Submitted to: Fiber Society Meeting
Publication Type: Abstract only
Publication Acceptance Date: 6/16/2004
Publication Date: 10/11/2004
Citation: Liu, C. 2004. The application of acoustic emission to characterize the lubrication of a fibrous collagen material: leather [abstract]. Fiber Society Fall Technical Conference, A Symposium on Advanced Materials and Processes. p. 13-14. Interpretive Summary:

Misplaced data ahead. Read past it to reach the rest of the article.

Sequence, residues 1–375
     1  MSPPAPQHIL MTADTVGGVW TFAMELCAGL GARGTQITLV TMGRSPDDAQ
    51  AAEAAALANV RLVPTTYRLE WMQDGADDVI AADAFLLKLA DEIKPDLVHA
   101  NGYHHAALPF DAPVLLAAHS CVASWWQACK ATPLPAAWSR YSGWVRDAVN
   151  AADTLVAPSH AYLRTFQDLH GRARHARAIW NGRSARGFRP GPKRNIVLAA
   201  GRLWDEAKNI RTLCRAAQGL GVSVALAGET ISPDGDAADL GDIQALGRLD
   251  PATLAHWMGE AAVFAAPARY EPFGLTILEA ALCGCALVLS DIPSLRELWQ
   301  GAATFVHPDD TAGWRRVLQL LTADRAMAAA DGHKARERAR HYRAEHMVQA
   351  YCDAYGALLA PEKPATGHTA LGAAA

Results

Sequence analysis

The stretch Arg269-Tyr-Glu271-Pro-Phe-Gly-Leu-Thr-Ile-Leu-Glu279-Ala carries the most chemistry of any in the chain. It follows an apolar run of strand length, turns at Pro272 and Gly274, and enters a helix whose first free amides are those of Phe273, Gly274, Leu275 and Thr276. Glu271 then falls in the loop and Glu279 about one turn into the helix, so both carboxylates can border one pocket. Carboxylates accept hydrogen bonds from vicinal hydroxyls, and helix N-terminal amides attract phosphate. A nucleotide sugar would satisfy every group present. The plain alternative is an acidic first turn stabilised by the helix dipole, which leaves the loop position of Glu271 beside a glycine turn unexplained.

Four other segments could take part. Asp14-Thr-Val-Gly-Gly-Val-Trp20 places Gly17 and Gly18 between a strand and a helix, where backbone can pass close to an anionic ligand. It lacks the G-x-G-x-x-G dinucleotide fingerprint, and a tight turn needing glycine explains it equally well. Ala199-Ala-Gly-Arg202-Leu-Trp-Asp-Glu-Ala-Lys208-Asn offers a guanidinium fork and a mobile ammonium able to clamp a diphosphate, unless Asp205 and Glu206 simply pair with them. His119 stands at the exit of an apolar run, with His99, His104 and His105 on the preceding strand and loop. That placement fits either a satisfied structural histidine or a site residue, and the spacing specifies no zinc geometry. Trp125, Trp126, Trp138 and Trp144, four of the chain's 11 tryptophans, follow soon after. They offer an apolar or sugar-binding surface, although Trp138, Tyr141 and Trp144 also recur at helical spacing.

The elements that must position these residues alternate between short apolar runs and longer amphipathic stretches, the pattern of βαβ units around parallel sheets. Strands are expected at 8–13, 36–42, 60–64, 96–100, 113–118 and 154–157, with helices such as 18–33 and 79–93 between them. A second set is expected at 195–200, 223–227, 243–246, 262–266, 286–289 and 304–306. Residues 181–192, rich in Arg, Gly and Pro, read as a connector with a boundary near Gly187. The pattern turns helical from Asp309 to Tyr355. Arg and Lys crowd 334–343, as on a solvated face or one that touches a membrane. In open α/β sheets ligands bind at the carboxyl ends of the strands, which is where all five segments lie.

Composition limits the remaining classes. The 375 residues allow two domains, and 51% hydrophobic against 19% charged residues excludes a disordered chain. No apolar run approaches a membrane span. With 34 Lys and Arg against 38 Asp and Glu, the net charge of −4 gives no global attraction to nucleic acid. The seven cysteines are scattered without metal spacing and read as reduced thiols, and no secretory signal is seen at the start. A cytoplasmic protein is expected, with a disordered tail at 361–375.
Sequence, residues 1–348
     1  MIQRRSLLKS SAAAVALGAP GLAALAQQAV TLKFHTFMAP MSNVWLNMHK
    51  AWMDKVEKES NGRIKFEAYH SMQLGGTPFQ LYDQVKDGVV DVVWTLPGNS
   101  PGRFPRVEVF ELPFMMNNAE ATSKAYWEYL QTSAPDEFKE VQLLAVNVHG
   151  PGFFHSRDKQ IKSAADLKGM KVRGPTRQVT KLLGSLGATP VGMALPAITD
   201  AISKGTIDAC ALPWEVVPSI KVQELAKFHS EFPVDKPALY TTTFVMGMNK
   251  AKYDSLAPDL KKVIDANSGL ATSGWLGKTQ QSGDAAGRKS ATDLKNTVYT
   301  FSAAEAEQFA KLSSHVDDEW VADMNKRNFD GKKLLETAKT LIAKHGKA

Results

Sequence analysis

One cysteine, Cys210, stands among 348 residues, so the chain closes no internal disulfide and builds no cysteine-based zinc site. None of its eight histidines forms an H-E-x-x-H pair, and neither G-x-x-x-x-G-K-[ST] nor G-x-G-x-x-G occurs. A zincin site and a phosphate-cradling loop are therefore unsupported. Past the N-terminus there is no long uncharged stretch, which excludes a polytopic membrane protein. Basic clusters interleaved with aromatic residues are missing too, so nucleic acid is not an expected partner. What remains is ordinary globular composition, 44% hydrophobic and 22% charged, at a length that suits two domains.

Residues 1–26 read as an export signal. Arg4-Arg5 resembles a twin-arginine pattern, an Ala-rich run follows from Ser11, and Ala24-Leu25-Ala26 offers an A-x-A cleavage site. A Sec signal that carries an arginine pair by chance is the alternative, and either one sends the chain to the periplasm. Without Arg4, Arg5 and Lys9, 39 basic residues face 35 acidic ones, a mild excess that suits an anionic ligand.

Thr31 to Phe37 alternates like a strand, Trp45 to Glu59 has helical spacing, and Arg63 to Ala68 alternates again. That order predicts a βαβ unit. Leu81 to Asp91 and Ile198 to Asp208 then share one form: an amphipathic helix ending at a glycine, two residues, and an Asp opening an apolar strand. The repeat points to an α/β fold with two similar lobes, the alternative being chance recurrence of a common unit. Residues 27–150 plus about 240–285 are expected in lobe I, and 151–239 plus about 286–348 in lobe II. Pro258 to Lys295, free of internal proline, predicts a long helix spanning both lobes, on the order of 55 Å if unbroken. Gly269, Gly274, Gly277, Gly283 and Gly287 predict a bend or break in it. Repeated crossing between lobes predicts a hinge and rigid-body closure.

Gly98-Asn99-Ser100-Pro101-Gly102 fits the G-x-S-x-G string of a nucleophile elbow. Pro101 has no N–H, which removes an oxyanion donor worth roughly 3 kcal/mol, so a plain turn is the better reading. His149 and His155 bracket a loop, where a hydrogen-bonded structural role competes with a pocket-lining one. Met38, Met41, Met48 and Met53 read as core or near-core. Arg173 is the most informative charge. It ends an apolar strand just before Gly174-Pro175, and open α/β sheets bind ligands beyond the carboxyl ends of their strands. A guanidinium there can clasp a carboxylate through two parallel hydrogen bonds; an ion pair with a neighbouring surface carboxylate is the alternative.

Technical Abstract: For thousands of years, collagen materials, such as leather, have been among the most dominant natural fibrous materials used by humans, especially for clothing, upholstery, and shoes. Leather is economically significant because it is the major by-product derived from the meat industry. Fatliquoring is an oil-addition process by which the leather fibers are lubricated so that after drying they will be capable of slipping over one another. The fatliquored leather therefore attains a greater softness and flexibility than is imparted by the tannages. The fatliquoring process must be done properly to ensure that the leather's fibrous structure is adequately lubricated in order to prevent its fibers from sticking together during the leather drying process. Currently the method described in this report is the only method to measure the degree of lubrication. Lubrication affects the resistance of fiber movements and deformations, and from previous studies we learned that acoustic emission measurements are very sensitive to these changes in resistance. Therefore, we recently investigated the feasibility of using acoustic emission technology to measure the degree of lubrication associated with the fatliquoring process. As a natural fibrous material, leather emits sound waves engendered by a sudden stress accompanied with any significant fiber movement or fiber deformation including breakage. From analysis of the hits, frequency and energy associated with emitted sound waves during the tensile tests of leather treated with various amounts of fatliquor, one may gain a correlation between acoustic emission quantities and the degree of lubrication. The proper lubrication of a fibrous structure such as leather is essential to its mechanical performance, and consequently to its quality. We have examined the feasibility of using the acoustic emission (AE) technique to characterize the degree of lubrication of leather produced with various fatliquor concentrations. In a tensile test, an acoustic transducer was contacted with the leather samples to collect their AE quantities and properties. The samples lubricated with a fatliquor concentration less than 10% showed twin peaks on the plot of hits rate versus time. This implied that a non-uniform fracture occurred in a leather structure that was not sufficiently lubricated. In contrast, a sufficiently lubricated leather structure showed a steady increase in hits rate with time until it fractured. This provides an insight into the reason for the increased strength of fatliquored leather. Traditional stress-strain tests did not reflect these behaviors. Observations also showed a direct correlation between the cumulative hits and fatliquor concentration. The results of this work may provide a route to identify an adequate degree of lubrication in the leather, which was previously difficult to determine. Besides using AE to measure the degree of lubrication as reported in this presentation, we also have developed AE techniques to predict tensile strength without breaking the leather, to gain insights into the reasons for tear failure and provide a new route to characterize the tear resistance of leather, to measure the degree of opening-up of the leather fibrous structure, and to quantify the bonding strength of coatings on finished leather. This research program at USDA, ARS, ERRC has provided the leather industry with insights into the structure/property relationship. These techniques drastically improve leather quality control.